As a third-generation entrepreneur, Suchita Jain is spinning profits for the billion-dollar Vardhman Group
When Suchita Oswal Jain, Vice Chairman and Joint Managing Director of the Vardhman Textiles Ltd, joined the family business at the age of 22, around 20 years ago, there weren’t many women at the helm of companies. But she says she never felt awkward as it “came from within”.
“There is just one key to success in any field, and that is passion. You must have junoon for whatever you do,” she says.
It is this junoon that has seen Suchita through as she set up the woven fabric division for the group, a unit that is spinning profits.
Weaving a passion
Born in Ludhiana, Punjab, she completed her master’s in commerce from Panjab University. She also completed the Accelerated Development Programme from London School of Business, and the Special Programme on Project Management from IIM-Ahmedabad. Suchita knew there were enough opportunities within the Vardhman Group where she could contribute.
However, it still was not a given that Suchita would join the family business. She remembers visiting the factories as a teenager and in course of time, Suchita felt naturally inclined to the business of weaving and fabrics that she says, “requires a lot of attention to detail and a good sense and appreciation for colours, patterns, and fashion trends. I was able to identify a lot of areas where I could contribute significantly in bringing economies and efficiencies”.
“I could have joined any other company or started something of my own. However, when I was growing up, I realised there were opportunities in the group itself where I could contribute in bringing efficiencies, taking the company to new geographies and to new heights. Thus, there was natural synergy between my attitude, skill set, and the opportunities.”
Suchita set up the Woven Fabric Division of the group that has a capacity of more than 180 million metres per annum. The company exports yarn to around 40 countries, and the production is spread out in Punjab, Himachal Pradesh, and Madhya Pradesh, and employs more than 28,000 people. She has woven connections between Vardhman and global brands such as GAP, Benetton, and Esprit.
She also actively participates across different functions and departments, and engages herself in various CSR initiatives. Suchita has been instrumental in the group adopting a number of environment-friendly practices in manufacturing as well.
“I can say with a little bit of pride that I have been instrumental in making Vardhman Group country’s largest textiles conglomerate engaged in manufacturing of yarns, fabric, threads, fibre, and garments with a total turnover of nearly $1.1 billion today.”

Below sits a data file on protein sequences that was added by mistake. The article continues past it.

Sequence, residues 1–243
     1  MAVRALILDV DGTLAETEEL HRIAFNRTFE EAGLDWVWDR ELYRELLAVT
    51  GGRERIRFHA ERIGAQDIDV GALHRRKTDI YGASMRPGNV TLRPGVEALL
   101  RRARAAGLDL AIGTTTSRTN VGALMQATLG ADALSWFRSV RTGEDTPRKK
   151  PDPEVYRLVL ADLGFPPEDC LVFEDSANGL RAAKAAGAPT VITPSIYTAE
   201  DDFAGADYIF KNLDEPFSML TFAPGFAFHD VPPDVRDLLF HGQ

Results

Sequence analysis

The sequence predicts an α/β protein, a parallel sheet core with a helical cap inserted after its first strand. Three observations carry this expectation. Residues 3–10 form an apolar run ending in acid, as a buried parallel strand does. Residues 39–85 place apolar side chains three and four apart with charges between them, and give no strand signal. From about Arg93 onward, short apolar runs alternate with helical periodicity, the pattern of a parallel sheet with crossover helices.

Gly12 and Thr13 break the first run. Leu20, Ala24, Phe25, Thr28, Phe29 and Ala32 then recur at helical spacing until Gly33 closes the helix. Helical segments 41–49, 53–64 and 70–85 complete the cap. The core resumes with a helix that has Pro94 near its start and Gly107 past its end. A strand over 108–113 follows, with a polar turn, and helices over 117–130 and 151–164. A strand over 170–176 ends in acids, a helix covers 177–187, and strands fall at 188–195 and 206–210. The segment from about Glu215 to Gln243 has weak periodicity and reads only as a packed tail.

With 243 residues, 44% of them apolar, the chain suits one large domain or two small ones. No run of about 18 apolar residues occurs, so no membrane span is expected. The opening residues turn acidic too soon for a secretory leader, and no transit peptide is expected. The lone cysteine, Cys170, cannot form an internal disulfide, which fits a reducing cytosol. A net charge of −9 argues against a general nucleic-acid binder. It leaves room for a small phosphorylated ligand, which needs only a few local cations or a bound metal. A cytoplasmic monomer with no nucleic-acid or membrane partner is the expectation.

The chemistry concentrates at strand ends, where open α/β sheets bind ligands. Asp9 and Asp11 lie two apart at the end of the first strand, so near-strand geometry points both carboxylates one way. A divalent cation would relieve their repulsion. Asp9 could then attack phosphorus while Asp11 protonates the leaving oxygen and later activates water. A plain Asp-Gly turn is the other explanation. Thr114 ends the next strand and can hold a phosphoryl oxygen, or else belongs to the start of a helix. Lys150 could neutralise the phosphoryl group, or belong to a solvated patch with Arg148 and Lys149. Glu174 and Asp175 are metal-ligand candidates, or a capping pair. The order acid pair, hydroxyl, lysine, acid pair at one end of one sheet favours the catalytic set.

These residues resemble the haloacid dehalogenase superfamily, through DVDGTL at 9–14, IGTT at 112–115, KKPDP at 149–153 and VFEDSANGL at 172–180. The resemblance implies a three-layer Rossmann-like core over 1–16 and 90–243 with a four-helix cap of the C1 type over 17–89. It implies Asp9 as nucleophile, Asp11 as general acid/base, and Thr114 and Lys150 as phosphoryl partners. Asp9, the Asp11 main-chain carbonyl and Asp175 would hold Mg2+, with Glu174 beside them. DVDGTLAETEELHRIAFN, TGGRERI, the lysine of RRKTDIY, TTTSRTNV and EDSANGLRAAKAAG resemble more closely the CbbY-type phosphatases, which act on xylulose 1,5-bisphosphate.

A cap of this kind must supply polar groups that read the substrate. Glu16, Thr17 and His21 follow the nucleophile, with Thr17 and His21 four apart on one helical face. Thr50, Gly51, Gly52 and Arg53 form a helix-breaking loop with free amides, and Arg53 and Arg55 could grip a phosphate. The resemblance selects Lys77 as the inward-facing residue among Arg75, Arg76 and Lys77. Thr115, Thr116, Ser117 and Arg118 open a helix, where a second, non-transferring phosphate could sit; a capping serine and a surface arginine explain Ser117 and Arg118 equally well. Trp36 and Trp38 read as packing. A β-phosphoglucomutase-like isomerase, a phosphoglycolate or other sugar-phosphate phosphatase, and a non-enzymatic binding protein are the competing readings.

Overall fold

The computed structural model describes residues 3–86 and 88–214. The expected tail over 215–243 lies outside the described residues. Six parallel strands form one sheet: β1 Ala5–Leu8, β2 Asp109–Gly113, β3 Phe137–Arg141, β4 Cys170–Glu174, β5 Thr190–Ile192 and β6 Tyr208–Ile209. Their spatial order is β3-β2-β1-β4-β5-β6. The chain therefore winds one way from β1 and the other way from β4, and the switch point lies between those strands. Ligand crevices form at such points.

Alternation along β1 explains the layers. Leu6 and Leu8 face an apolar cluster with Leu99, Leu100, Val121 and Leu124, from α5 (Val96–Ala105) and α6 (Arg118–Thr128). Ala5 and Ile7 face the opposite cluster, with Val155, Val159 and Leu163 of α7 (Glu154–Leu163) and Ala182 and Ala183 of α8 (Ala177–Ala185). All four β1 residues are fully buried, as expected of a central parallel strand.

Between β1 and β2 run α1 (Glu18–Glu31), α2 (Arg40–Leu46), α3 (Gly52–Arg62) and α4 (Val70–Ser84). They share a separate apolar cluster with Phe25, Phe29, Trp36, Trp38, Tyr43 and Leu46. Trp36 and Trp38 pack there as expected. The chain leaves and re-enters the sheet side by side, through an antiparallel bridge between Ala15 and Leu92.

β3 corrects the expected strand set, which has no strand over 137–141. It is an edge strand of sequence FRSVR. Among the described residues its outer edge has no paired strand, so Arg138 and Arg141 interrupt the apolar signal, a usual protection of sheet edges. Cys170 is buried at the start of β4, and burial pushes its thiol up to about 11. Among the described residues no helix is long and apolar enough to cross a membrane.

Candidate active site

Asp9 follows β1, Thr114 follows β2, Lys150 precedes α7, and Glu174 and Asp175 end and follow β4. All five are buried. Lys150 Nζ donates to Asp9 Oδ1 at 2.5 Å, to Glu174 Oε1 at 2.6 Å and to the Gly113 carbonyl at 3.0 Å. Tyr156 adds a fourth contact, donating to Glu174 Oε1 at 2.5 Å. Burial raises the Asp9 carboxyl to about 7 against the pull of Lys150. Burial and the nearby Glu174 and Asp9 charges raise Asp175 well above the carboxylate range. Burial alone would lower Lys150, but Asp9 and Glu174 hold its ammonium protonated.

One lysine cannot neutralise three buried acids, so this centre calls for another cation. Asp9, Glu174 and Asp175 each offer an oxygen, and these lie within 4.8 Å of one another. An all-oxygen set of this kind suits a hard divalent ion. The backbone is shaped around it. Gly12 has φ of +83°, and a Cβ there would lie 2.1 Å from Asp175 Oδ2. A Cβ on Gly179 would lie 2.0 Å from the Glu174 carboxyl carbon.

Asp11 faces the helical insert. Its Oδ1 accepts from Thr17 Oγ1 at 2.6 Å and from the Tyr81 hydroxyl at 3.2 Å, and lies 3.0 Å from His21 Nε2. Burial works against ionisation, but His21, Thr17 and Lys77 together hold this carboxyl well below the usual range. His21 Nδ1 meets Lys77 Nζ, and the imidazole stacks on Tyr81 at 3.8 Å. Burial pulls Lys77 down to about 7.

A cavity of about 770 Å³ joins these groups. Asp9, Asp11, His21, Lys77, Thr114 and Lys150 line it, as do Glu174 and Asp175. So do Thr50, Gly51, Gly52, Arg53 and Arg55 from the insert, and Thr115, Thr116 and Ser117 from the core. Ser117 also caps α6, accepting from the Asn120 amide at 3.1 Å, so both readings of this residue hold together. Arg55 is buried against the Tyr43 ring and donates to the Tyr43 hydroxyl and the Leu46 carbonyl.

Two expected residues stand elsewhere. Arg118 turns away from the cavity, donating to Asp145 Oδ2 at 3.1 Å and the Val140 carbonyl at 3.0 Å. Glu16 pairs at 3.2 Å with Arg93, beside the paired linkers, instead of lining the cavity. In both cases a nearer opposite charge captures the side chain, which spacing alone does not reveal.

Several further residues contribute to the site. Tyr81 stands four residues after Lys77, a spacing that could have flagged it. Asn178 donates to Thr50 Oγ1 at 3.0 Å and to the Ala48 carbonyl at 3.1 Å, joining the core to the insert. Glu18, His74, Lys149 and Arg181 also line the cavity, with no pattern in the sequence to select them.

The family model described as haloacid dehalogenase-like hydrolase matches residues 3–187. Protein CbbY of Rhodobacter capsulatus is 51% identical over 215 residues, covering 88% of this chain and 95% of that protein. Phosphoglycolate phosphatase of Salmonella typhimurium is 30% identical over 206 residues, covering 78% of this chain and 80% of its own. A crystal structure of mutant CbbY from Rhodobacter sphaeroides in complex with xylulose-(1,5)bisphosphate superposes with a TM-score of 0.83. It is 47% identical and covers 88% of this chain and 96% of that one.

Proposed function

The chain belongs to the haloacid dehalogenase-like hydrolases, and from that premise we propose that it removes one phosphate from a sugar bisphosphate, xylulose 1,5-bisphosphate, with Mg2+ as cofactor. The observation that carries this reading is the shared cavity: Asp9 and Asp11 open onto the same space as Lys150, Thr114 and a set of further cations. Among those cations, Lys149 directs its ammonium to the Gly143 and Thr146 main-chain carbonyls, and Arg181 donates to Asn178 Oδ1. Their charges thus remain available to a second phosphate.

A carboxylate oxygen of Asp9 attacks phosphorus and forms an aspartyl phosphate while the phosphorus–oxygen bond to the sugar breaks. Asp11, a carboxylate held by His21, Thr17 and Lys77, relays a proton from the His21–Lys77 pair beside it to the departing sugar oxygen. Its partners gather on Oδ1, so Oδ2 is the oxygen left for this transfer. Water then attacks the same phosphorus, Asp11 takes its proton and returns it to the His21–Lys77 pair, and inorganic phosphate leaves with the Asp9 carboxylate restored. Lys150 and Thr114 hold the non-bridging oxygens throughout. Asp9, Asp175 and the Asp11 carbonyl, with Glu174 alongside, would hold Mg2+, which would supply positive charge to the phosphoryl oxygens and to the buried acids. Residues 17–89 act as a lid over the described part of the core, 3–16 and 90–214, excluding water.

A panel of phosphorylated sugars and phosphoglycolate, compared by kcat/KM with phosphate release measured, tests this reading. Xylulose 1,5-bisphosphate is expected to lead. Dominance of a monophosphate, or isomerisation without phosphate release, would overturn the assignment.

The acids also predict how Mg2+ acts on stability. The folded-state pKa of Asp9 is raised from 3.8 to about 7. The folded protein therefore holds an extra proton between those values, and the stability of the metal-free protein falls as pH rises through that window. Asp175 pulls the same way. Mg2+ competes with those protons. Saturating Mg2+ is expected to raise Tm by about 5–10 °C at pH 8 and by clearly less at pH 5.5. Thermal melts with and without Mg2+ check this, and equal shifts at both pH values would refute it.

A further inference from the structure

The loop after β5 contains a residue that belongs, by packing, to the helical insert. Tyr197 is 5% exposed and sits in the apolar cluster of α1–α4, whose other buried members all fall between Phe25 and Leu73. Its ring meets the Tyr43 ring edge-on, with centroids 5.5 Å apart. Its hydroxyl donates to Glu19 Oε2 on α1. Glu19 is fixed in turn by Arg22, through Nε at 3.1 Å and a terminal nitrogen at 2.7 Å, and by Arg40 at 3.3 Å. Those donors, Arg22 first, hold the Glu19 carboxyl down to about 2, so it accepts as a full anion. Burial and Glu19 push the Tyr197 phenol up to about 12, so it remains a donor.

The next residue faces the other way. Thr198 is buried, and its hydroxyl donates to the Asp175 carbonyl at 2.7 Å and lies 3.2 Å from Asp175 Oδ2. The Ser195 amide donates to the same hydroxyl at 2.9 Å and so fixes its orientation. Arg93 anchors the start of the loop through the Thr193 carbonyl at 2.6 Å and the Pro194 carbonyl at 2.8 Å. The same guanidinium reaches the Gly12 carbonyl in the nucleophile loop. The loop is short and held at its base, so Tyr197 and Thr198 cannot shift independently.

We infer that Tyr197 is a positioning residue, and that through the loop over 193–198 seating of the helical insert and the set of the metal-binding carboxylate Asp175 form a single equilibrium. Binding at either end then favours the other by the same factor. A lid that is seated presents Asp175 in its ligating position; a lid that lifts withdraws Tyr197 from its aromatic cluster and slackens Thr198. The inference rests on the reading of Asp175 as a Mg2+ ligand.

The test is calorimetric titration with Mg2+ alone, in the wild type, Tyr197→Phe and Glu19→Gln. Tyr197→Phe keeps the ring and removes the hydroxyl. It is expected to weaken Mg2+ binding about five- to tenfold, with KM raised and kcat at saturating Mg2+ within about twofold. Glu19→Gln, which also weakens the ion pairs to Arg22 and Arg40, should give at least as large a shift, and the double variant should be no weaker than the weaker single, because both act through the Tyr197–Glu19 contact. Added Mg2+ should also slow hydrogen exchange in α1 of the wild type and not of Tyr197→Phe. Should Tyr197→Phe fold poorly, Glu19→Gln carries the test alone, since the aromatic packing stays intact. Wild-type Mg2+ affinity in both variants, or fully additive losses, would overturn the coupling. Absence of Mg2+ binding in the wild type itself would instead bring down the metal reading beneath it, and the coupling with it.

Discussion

The CSR initiatives are really close to her heart. “We have been able to augment or set up physical infrastructure in many schools, including setting up of classrooms, toilets, desks, water purifiers, and other such arrangements that ensure children and teachers can focus on education and not worry about health issues. We are also helping Sri Aurobindo College of Commerce in Ludhiana to construct ‘Mother Auditorium’ in the college. I am also involved in a new CSR project, which is called ‘Nandini’. It’s an initiative to help rural women and young girls break the silence on menstrual hygiene and health.”
In fact, the group has employed 1,000 women at its location in Madhya Pradesh, where they are also provided with hostel facilities.
Apart from those mandated by law, Suchita emphasises that ample opportunities for women are at the core of the group’s vision. This includes continuous training sessions so women can take up leadership positions and bigger responsibilities.
Traversing the highs and lows
Suchita speaks of the period between 1992-99 when the fabric business was in its nascent stages, and she had to face some major challenges. These included achieving operational excellence, human resource training, skill enhancement, marketing, and profitability.
“The decision to serve the toughest quality conscious market of Europe within a year of inception shortened the gestation period. We achieved what we set out to do, despite the quota regime and anti-dumping duties,” she adds.
According to Suchita, the highs have “not been coming in bits and pieces, but in a continuous flow forming a beautiful stream”.
“Ever since I joined the Woven Fabric Division of the group back in 1990s, it has become one of the growth engines, and is still expanding and growing. Because it is still growing and we, as a group, are able to add to new foreign destinations for exports every now and then, I think the highest high is still to come!”
Suchita is married to Sachit Jain, and has two daughters, Saumya and Sagarika. Both were very young when she joined the business. “I would juggle between work and family, but got adequate support from my husband and family members. My husband always encouraged me. Now my girls are grown up so I can dedicate more time to the business.”
Is it still difficult to be a woman entrepreneur in India? The entrepreneur believes things have changed now, and women are not only leading many businesses, but are also mentoring men in their businesses and in various other capacities.
“They have outlived the stigma or the mindset that they are good only for managing homes and bringing up children. They have broken many of the notions that are attached to them by the society. Women are transforming the business culture, and I am happy to be part of the change,” she says.
Though the Vardhman Group currently has a turnover of nearly $1.1 billion, Suchita believes they have only just scratched the surface.
“We want to grow this manifold, and export to even more countries, thereby establishing the finesse of Indian workers and entrepreneurs. India has tremendous potential and Indian companies can really do well in the international arena,” Suchita says.
(Edited by Megha Reddy)